Is This The Beginning Of The End For The SAT And ACT?

Many high schoolers hoping to attend George Washington University in Washington, D.C., one of the top private universities in the country, breathed a sigh of relief this week.GWU announced it will no longer require applicants to take the SAT or ACT.The move comes after the school formed a task force to study the pros and cons of going "test-optional." GWU attracts lots of high-achieving students who do well on both exams, but the task force concluded that the school's reliance on these tests...
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Jim McKeown

Story of a dysfunctional family in 20th century Ireland who gather from around the globe to celebrate Christmas.


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Copyright 2015 NPR. To see more, visit http://www.npr.org/.

Copyright 2015 NPR. To see more, visit http://www.npr.org/.

It's no secret that the water at some of the 2016 Olympic venues in Rio de Janeiro has some problems.

NPR's Lourdes Garcia-Navarro got a whiff of one in April. But the AP has just put some science into it by commissioning tests over a five month period.

A court in Egypt has delayed reading the verdict in the retrial of three Al Jazeera journalists accused of aiding a terrorist organization.

The BBC reports:

"Canadian-Egyptian Mohamed Fahmy, Egyptian Baher Mohamed and Australian Peter Greste were sentenced to up to 10 years in prison in June 2014.

"Their convictions for spreading false news were overturned on appeal and they were released on bail in February. ...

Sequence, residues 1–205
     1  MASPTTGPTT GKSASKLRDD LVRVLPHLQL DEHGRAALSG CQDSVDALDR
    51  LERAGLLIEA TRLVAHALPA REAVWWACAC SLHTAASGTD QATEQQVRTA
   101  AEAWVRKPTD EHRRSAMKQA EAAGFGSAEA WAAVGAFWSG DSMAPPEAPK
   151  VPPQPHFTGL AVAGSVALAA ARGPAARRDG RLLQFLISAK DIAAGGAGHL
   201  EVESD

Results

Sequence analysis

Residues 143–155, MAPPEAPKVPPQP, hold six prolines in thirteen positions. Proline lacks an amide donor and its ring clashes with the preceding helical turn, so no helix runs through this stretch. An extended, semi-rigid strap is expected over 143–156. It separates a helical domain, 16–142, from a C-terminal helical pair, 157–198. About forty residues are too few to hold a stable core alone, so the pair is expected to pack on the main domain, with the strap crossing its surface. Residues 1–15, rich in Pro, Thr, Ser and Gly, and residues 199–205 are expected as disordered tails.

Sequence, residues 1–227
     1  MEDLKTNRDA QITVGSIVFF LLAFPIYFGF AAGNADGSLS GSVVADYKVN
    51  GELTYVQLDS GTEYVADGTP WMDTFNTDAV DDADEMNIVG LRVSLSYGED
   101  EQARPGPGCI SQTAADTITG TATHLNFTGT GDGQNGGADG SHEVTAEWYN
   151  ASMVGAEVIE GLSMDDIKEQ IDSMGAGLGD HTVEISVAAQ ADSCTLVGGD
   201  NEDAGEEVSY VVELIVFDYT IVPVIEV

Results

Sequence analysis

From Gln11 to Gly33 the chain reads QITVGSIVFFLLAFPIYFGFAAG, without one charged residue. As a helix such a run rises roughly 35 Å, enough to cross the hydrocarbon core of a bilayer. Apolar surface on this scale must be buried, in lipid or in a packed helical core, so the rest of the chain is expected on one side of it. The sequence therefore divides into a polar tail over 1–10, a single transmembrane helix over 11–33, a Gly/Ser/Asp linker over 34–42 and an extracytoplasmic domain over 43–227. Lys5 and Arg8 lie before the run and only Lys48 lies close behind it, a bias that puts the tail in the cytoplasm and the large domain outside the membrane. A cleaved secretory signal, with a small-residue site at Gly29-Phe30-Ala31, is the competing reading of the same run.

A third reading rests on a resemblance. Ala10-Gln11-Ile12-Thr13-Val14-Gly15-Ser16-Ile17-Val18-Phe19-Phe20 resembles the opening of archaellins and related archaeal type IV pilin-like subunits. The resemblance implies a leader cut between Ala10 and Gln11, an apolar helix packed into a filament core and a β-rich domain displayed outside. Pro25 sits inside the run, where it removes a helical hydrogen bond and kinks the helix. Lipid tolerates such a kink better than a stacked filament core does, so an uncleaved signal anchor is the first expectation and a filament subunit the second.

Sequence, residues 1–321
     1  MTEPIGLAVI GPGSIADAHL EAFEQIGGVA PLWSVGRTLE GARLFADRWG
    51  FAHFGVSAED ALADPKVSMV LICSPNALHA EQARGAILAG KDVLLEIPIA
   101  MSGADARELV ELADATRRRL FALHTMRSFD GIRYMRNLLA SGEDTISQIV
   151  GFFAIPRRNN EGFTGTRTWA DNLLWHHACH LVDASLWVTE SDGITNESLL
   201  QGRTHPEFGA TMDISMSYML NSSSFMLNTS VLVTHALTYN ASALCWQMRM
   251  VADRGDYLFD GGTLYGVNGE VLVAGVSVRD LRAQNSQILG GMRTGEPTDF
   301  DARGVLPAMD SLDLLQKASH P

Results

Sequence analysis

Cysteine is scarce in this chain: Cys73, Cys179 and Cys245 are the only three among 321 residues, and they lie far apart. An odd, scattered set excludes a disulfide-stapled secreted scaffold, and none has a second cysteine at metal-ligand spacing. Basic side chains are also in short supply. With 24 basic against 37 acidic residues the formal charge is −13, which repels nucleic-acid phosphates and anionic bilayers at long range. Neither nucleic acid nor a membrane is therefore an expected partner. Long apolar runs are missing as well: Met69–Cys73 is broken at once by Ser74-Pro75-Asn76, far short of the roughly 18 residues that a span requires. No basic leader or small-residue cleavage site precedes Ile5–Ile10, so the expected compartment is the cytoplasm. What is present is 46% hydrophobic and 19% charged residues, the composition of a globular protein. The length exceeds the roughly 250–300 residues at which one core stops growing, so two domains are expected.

You Say Striped Bass, I Say Rockfish. What's In A Fish Name?

2 hours ago

Order a rockfish at a restaurant in Maryland, and you'll likely get a striped bass. Place the same order in California, and you could end up with a Vermilion rockfish, a Pacific Ocean perch or one of dozens of other fish species on your plate.

This jumble of names is perfectly legal. But it's confusing to diners — and it can also hamper efforts to combat illegal fishing and seafood fraud, says the ocean conservation group Oceana.

It's an old and controversial question: Should federal Pell grants be used to help prisoners pay for college?

Tomorrow, at a prison in Jessup, Md., Education Secretary Arne Duncan and Attorney General Loretta Lynch are expected to unveil a program to do just that. The new plan would create a limited pilot program allowing some students in prison to use Pell grants to pay for college classes.

The key word there is "limited" — because there's only so much the administration can do. To understand why, we have to go back to November 1993.

Copyright 2015 NPR. To see more, visit http://www.npr.org/.

Copyright 2015 NPR. To see more, visit http://www.npr.org/.

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Shift in Air Time - Fridays at 2pm beginning August 7

KWBU's new website is designed to deliver news from the Heart of Texas in a clean format that's easy to use. What do you think?